Improvising Ambition

Every month we invite our readers to pitch us articles on a theme revealed in our regular newsletter. Find out what our next theme is by subscribing to our newsletter below. This month’s theme is ‘ambition’ and we chose Ariel Kurtz’s submission about her ambition to work around the ableist system in place and find a place in musical theatre, with a little help from improvisation…

I found theatre when I was 11 years old and I was hooked. I remember it made me feel so good to use all of my energy in a constructive way. My mom signed me up for a musical theatre class that was half musical theatre class and half improvisation. I looked forward to every Saturday afternoon and I remember being so happy that I found friends who were just as silly and loud as I was. I was always a very enthusiastic kid and teenager, which didn’t always go over well with my peers.  I still consider myself an enthusiastic adult and I will probably never lose that. 

Growing up, I was always a very eager student. I raised my hand and always participated in class. When I was in middle school, I was put into a specialized class for kids with learning disabilities. I didn’t want to be defined by how good or bad I was at school because of my disabilities. I just wanted people to think that I was smart and capable. I’m grateful for the arts teachers I had in my life, who helped to cultivate my eagerness and believed in me.

I always wanted to learn as much as I could about acting and do things to the best of my ability. When I knew I wanted to do musicals, I knew I had to dance. I had never taken ballet before, so aged 12, when most girls were putting on their pointe shoes, I was learning what a tendu was. I’m 5’1 and very skinny, so people always assumed I was graceful and would be good at ballet. That, my friends, is a lie! I have knocked knees and scoliosis. I will never be able to kick my face or do extremely technical choreography. I have so much respect for my dancer friends for their work ethic, but I know I will never be one of them.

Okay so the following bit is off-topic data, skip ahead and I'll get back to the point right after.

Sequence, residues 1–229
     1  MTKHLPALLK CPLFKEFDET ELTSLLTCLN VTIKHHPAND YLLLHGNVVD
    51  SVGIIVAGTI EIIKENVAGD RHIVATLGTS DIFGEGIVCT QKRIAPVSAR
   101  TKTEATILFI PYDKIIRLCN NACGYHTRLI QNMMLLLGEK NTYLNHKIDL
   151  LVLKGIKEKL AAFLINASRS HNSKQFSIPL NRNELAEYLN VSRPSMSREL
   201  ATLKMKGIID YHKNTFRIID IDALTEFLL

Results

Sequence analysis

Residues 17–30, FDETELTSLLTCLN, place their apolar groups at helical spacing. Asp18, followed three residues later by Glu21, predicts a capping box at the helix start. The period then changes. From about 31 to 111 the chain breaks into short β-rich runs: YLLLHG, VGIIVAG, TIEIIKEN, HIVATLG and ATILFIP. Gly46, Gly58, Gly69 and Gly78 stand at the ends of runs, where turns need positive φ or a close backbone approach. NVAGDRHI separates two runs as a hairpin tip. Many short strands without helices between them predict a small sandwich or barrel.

I’ve always looked young for my age. I’m in my mid-twenties and I always get carded when I used to go out to bars (Pre-COVID, of course) and buy lottery tickets. I was mostly always stereotyped as the little girl in shows growing up. I was never deemed pretty enough to play the ingenue, but I’m also not extremely charactery like either. It was either the young girl or nothing, which was upsetting and has made me feel invalidated. One of the reasons I love improvisation so much is because you can be anyone you want to be and you are not put in a box. You can explore so many different parts of yourself and be as silly and big and loud as you want.  

When I was a sophomore in college, I had just transferred schools to a local community college and I was just taking Liberal Arts classes, so whenever I would transfer next would take my credits. I wanted to keep training outside of school, while I was studying. I joined a theatre company that summer and I was in an improvisation show that Fall. I really enjoyed it being a part of an ensemble and knowing that it wouldn’t work without the audience participation.

Doing improvisation for so long has made me a better communicator, team player and expert problem solver. I believe if everyone in the world took an improvisation class, the world would be a funnier, more understanding and better place. 

Ariel Kurtz
Ariel Kurtz
Ariel Kurtz (She/Hers/Her) is a performer and writer based in New York City. Her work as a performer has been seen at Manhattan Rep, Williamstown Theatre Festival and Don’t Tell Mama’s. Her work as a writer has been seen on Girl Tell Me, Unread Magazine and Royal Rose Magazine. She is passionate about intersectional feminism, accessibility for the disability community and love. If you would like to learn more about her, visit or follow her on Instagram/Twitter @ArielKurtz13.

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